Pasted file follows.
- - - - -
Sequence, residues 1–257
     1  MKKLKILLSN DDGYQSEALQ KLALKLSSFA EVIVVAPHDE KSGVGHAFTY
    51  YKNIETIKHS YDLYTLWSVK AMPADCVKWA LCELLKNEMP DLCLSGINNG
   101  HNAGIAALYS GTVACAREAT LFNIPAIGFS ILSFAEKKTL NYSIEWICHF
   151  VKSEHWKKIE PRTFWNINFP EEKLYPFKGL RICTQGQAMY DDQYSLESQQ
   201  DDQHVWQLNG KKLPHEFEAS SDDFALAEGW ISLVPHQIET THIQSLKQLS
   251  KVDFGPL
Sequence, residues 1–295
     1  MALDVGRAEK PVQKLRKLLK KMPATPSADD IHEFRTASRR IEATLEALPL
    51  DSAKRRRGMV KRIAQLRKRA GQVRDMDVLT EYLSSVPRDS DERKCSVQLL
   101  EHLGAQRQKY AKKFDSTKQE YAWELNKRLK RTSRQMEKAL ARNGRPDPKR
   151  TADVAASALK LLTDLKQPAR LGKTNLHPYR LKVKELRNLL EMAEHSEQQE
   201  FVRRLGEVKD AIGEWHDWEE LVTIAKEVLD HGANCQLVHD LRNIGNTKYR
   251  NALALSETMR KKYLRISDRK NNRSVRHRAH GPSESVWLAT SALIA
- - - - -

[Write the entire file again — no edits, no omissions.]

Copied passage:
Sequence, residues 1–257
     1  MKKLKILLSN DDGYQSEALQ KLALKLSSFA EVIVVAPHDE KSGVGHAFTY
    51  YKNIETIKHS YDLYTLWSVK AMPADCVKWA LCELLKNEMP DLCLSGINNG
   101  HNAGIAALYS GTVACAREAT LFNIPAIGFS ILSFAEKKTL NYSIEWICHF
   151  VKSEHWKKIE PRTFWNINFP EEKLYPFKGL RICTQGQAMY DDQYSLESQQ
   201  DDQHVWQLNG KKLPHEFEAS SDDFALAEGW ISLVPHQIET THIQSLKQLS
   251  KVDFGPL
Sequence, residues 1–295
     1  MALDVGRAEK PVQKLRKLLK KMPATPSADD IHEFRTASRR IEATLEALPL
    51  DSAKRRRGMV KRIAQLRKRA GQVRDMDVLT EYLSSVPRDS DERKCSVQLL
   101  EHLGAQRQKY AKKFDSTKQE YAWELNKRLK RTSRQMEKAL ARNGRPDPKR
   151  TADVAASALK LLTDLKQPAR LGKTNLHPYR LKVKELRNLL EMAEHSEQQE
   201  FVRRLGEVKD AIGEWHDWEE LVTIAKEVLD HGANCQLVHD LRNIGNTKYR
   251  NALALSETMR KKYLRISDRK NNRSVRHRAH GPSESVWLAT SALIA